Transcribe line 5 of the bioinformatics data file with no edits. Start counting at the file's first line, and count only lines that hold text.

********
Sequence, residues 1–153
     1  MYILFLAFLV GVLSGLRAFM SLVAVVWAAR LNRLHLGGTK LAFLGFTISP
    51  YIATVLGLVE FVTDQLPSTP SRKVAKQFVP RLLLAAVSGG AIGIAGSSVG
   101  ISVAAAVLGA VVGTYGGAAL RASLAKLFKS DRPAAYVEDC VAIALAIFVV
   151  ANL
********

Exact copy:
   151  ANL